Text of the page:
The question we asked at PlotForge:  Why not?

To us, it’s a chicken-or-the-egg question.  There isn’t much to track in the buying history for these two groups.  But is that because they don’t want to read or because there hasn’t been a lot out there that interests them?   All of our anecdotal research from you, the readers, told us one thing: These groups are hungry for novels that are relevant to them.  And now, with your help, we are preparing to test that research.

Author John Brewer’s novel, Multiplayer, will be released in a few weeks.  It’s a story about a normal, bike-riding, soccer-following, video-gaming teen who is justifiably angry about the evil he has encountered in his life.  But through the interplay of his online world with real life, it turns out that blind hatred, no matter how well-founded, may be the greatest evil of all.  John will be talking a lot more about his book in the weeks to come.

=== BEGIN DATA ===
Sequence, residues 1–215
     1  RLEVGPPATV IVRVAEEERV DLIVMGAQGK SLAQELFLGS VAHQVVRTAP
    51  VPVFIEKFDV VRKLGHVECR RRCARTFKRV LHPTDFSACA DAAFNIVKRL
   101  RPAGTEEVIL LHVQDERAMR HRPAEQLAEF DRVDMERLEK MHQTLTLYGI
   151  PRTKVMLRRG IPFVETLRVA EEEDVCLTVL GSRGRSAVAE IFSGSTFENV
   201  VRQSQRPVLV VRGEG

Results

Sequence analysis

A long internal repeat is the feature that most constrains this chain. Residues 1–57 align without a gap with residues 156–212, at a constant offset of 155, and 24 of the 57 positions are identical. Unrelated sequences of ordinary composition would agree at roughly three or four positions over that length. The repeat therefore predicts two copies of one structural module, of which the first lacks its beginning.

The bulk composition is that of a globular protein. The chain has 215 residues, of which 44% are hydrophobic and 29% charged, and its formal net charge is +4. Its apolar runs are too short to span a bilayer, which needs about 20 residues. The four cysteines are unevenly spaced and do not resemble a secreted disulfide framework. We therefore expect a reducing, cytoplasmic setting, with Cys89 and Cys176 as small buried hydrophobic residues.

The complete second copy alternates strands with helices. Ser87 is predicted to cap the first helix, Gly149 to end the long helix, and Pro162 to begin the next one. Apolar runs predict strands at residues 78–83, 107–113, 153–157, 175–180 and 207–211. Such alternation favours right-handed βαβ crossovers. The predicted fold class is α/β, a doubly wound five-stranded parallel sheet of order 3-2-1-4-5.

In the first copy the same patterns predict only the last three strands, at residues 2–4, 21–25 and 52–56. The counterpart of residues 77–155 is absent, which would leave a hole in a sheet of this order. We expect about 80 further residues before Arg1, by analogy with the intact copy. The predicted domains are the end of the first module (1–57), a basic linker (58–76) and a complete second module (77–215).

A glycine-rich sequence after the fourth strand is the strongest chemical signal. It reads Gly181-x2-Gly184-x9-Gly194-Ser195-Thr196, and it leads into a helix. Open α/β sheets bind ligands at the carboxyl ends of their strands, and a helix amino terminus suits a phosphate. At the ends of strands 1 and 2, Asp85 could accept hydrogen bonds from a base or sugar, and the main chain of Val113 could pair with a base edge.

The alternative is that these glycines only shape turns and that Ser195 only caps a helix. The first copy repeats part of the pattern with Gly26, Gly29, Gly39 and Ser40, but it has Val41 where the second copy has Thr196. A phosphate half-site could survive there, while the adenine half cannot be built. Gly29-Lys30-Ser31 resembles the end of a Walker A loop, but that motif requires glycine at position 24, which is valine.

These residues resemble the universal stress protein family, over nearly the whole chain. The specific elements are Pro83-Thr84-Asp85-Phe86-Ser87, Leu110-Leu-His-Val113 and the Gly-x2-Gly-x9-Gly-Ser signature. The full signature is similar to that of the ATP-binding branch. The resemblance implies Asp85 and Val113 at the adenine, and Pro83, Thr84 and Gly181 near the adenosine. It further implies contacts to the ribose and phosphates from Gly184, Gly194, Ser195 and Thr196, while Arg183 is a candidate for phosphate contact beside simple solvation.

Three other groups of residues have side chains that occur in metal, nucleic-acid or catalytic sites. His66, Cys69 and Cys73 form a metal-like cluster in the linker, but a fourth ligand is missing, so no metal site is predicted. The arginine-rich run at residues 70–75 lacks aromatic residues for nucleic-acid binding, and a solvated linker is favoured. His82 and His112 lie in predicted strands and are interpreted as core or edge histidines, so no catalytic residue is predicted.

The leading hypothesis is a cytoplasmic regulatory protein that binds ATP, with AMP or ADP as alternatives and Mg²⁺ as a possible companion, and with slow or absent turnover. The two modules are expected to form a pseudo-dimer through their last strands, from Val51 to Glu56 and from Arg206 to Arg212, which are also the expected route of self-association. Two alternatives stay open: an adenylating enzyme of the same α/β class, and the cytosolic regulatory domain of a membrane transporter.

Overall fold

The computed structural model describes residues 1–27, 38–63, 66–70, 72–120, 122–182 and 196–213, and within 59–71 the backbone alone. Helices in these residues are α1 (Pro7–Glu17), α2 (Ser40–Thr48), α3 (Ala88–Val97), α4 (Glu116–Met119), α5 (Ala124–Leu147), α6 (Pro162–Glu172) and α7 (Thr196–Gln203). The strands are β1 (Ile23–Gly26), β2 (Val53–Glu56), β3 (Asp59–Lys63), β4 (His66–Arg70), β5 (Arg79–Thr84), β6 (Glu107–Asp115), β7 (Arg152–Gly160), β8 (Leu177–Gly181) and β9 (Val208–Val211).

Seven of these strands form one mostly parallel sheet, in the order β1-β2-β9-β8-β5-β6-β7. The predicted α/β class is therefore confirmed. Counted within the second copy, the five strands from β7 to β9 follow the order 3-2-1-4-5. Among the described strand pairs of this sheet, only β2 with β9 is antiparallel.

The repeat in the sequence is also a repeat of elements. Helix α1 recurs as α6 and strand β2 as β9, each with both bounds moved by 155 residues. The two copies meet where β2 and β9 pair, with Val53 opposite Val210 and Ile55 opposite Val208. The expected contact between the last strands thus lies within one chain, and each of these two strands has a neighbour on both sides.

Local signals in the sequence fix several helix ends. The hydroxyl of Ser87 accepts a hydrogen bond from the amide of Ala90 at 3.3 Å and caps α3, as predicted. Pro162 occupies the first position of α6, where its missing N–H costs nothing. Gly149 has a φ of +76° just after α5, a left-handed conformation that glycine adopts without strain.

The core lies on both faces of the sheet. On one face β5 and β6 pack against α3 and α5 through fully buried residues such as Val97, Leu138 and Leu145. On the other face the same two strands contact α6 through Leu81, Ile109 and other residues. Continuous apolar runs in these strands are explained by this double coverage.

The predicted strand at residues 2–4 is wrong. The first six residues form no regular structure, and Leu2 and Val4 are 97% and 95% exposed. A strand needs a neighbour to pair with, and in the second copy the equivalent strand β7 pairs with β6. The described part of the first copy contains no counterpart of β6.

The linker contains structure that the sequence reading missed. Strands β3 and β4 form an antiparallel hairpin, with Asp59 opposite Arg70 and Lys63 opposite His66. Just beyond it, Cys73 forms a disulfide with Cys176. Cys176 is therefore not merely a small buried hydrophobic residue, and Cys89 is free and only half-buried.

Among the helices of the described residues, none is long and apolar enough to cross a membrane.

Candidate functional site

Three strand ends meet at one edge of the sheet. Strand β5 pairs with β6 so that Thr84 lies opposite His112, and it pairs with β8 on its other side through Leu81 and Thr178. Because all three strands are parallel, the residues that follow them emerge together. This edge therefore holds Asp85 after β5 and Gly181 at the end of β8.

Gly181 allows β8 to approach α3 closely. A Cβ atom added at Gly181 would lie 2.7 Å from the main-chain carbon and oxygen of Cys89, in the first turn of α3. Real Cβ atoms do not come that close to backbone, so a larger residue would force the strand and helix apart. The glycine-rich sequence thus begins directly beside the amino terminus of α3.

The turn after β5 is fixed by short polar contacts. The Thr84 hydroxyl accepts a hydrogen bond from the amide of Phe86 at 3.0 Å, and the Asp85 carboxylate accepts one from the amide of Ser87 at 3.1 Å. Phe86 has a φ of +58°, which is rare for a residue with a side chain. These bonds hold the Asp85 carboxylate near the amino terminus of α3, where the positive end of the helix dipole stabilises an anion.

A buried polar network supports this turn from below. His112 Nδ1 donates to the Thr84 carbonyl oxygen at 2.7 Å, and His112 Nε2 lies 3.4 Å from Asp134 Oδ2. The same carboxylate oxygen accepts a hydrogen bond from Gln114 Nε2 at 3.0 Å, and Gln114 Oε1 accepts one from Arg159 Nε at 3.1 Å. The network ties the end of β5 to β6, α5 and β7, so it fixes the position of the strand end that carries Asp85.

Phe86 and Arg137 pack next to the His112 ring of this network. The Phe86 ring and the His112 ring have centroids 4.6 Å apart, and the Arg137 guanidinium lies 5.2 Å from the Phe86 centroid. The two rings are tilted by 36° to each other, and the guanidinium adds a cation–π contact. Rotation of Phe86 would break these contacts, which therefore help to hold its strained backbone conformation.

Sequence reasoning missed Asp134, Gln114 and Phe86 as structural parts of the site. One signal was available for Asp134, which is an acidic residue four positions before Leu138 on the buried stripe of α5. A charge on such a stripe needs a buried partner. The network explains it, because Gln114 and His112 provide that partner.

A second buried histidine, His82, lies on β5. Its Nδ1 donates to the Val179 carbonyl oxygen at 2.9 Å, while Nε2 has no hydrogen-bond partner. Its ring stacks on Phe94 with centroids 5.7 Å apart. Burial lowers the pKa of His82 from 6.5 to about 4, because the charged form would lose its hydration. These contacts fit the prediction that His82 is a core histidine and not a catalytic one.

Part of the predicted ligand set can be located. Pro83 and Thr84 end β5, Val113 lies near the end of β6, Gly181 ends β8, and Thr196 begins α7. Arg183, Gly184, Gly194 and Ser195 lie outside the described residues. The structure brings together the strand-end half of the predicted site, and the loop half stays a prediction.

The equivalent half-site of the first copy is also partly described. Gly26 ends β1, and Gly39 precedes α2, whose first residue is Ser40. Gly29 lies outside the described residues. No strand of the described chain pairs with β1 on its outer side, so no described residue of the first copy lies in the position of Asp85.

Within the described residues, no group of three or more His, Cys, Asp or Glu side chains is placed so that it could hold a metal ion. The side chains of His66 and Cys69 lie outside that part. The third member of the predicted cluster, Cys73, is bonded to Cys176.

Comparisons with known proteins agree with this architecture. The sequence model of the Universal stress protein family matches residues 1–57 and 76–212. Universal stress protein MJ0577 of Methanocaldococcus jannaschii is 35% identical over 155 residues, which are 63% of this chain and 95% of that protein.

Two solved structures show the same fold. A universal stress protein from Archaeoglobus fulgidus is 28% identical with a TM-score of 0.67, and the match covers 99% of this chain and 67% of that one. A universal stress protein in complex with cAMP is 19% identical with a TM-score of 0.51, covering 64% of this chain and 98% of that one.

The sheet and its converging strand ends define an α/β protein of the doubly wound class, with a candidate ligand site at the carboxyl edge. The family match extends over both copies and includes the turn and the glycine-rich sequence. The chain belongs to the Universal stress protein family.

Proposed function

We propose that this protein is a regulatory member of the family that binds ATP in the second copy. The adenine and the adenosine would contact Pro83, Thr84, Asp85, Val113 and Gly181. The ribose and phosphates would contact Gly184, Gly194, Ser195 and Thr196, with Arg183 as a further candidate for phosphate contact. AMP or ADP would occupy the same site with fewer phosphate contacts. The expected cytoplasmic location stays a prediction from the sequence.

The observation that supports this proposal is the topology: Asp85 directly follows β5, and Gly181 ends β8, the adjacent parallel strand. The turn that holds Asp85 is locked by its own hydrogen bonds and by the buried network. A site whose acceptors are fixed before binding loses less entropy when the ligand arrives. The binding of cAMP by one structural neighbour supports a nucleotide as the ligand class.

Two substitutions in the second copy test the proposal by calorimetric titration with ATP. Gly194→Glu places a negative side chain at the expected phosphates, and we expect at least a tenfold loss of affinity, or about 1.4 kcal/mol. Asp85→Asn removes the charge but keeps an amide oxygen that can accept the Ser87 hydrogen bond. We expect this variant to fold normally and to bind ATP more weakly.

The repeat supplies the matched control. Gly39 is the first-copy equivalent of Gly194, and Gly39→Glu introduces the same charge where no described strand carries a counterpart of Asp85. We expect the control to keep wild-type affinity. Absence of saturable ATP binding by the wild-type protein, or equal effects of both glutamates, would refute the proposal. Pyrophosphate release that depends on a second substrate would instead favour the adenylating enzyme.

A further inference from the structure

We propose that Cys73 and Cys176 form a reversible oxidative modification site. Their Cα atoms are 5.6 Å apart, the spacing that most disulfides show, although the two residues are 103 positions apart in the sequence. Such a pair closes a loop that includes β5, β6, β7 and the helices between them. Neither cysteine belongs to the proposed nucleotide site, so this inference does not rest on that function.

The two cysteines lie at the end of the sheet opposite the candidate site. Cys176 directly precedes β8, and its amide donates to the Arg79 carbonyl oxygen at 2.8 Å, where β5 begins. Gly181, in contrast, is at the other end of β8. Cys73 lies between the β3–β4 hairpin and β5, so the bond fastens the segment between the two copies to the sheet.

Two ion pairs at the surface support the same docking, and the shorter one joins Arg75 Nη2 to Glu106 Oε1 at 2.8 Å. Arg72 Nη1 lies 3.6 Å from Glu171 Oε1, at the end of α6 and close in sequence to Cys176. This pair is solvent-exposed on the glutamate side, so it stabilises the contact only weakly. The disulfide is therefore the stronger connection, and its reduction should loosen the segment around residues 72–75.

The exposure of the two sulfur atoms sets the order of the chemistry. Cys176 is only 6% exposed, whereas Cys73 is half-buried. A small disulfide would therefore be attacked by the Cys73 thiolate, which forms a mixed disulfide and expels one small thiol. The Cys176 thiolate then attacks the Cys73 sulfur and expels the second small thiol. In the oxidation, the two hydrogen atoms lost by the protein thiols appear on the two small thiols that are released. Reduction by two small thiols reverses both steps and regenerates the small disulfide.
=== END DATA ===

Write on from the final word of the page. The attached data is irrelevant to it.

My novel, Foreseen, which will come out a couple months later, is an action-packed love story involving quantum mechanics.  Huh?  You read it right.  My college-aged readers say it perfectly captures the flow of their lives, following characters who are taking steps from the egocentric world of teenagers to the multi-centered reality of being an adult.

Multiplayer and Foreseen.  Very different books for overlapping markets. If you know people who you think might be interested in either of these novels, pass this blog along.  Ask them to find PlotForge on Facebook, follow along with this blog, or they can follow John and me on Twitter, as we test these exciting markets.  Whatever the result, by putting out these books, it’s you, the reader, who get to decide.